Please contact us, Ivowen are available to offer advice and support on HPRA compliance.

 

Written by Nanda Naik

 

 

 

 

 

 

 

Are you Brexit ready?

Brexit in:

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Test your knowledge, take our Brexit quiz here 

What do you want to do next?  Do you want to continue to market your product in the EU only, or are you interested in both the EU and UK markets?  Read on to find out what you need to do for both scenarios.

If you would like to continue to market your product in the EU there are a few things that need to be finalised before Brexit on the 29th March 2019:

 

Reference Member State (RMS transfer)

This should have been done yesterday(!) The time it takes depends on the requested RMS’s workload.

Since July 2018 the MHRA is no longer accepting new applications with UK as RMS. However there are some currently authorised products wherein the UK is still the RMS.

If you have products and the UK is currently the RMS then it is vital a RMS transfer is initiated immediately. If there is only one CMS then this CMS should become the RMS (submission required). If there is more than one CMS, the preferred CMS needs to be consulted and a request sent asking them to be RMS. It is the responsibility of the MAH to secure a new RMS. The timeline for such transfers are solely dependent on the workload of the requested RMS.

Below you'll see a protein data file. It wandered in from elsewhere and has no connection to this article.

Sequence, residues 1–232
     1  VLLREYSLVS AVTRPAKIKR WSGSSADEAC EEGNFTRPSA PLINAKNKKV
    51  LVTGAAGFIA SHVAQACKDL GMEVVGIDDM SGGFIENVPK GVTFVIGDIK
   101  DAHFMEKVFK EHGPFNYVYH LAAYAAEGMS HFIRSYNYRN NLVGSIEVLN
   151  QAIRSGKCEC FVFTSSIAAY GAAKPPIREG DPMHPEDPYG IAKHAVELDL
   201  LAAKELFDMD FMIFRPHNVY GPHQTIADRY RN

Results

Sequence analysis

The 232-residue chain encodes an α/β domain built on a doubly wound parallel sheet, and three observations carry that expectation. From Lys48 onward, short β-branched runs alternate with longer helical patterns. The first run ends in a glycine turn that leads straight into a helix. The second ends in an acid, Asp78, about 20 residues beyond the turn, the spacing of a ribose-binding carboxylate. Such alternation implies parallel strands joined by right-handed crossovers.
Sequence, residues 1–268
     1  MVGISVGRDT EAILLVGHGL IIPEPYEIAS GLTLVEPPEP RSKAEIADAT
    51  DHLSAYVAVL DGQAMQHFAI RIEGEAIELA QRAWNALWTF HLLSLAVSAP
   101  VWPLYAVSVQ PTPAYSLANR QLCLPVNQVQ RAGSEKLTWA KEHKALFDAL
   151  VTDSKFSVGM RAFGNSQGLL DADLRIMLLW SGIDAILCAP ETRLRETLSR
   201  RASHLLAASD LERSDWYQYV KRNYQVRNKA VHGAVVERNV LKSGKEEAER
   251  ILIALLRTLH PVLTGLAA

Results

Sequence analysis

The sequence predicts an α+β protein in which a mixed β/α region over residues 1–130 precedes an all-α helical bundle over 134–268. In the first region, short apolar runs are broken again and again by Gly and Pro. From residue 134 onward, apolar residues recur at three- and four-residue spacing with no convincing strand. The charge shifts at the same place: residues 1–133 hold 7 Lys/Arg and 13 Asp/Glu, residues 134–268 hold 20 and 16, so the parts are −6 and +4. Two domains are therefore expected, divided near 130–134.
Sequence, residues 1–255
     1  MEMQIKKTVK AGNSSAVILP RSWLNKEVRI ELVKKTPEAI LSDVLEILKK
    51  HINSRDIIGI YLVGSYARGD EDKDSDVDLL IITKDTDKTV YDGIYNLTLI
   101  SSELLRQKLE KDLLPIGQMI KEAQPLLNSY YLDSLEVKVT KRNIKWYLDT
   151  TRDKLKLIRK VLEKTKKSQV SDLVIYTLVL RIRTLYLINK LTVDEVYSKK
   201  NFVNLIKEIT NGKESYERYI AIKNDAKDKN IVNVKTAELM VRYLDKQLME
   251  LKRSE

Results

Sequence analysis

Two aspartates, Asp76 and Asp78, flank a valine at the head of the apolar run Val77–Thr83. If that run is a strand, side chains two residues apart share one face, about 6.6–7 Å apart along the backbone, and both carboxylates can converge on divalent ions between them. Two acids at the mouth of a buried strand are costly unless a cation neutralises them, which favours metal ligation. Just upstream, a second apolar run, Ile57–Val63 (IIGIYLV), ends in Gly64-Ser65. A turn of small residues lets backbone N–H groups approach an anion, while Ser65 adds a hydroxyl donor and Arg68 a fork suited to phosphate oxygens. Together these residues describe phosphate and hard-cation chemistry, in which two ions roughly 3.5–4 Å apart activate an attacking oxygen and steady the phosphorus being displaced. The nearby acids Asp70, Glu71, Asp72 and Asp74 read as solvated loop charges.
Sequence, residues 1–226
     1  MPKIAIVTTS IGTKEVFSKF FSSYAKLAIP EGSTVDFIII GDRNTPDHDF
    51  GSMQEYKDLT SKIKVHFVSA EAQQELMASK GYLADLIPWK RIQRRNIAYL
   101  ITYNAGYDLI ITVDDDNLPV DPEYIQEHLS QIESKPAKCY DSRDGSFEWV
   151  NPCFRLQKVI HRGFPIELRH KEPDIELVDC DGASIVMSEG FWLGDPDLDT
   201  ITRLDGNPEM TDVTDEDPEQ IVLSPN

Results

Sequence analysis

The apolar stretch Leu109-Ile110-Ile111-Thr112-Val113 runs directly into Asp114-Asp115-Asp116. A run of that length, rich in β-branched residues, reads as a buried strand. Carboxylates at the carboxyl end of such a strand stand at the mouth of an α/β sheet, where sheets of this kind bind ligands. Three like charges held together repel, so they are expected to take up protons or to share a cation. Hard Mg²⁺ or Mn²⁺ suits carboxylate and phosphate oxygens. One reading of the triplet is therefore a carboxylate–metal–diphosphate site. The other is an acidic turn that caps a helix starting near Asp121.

Marketing Authorisation Holder (MAH) transfer

Needs to be done immediately – the time it takes is dependent on where the application is submitted.

From the 29th March 2019 the MAH for a product licensed in an EU Member State (MS) other than the UK must be based in the EU. Therefore if the MAH is currently based in the UK there needs to be a MAH transfer to one based in the EU.

  • If this involves purely an address change (i.e. the marketing authorisation holder remains the same legal entity but they have an address in the EU) then this is a simple type IAin (A.1).
  • If the new MAH is a different legal entity then the MAH transfer must follow the guidelines of the currently registered RMS and CMS, at the very least documents such as transfer agreement, proof of establishment, , power of attorney(s), Pharmacovigilance (PV) update, etc., should be in place before submission of the request.

 

Batch release

Needs to be done within the next 4-8 weeks unless a product is a biological / immunological product in which case submission needs to be immediate.

Products that only have batch release and quality control testing sites for finished product in the UK will have to change the batch release and testing sites for their EU products. For products that have other batch release and testing sites the MAH may choose to delete the UK site(s) or may choose to replace them. For finished products manufactured in the UK an importation site (in EEA) will need to be introduced. In many cases, a single site can perform manufacturing, testing, importation and/or batch release activities.

The timelimes will follow the type IA/IB or type II (biological / immunological product) categories depending on what change is applied for. Please see https://ec.europa.eu/health/sites/health/files/files/eudralex/vol-2/c_2013_2008/c_2013_2008_doc/c_2013_2804_en.doc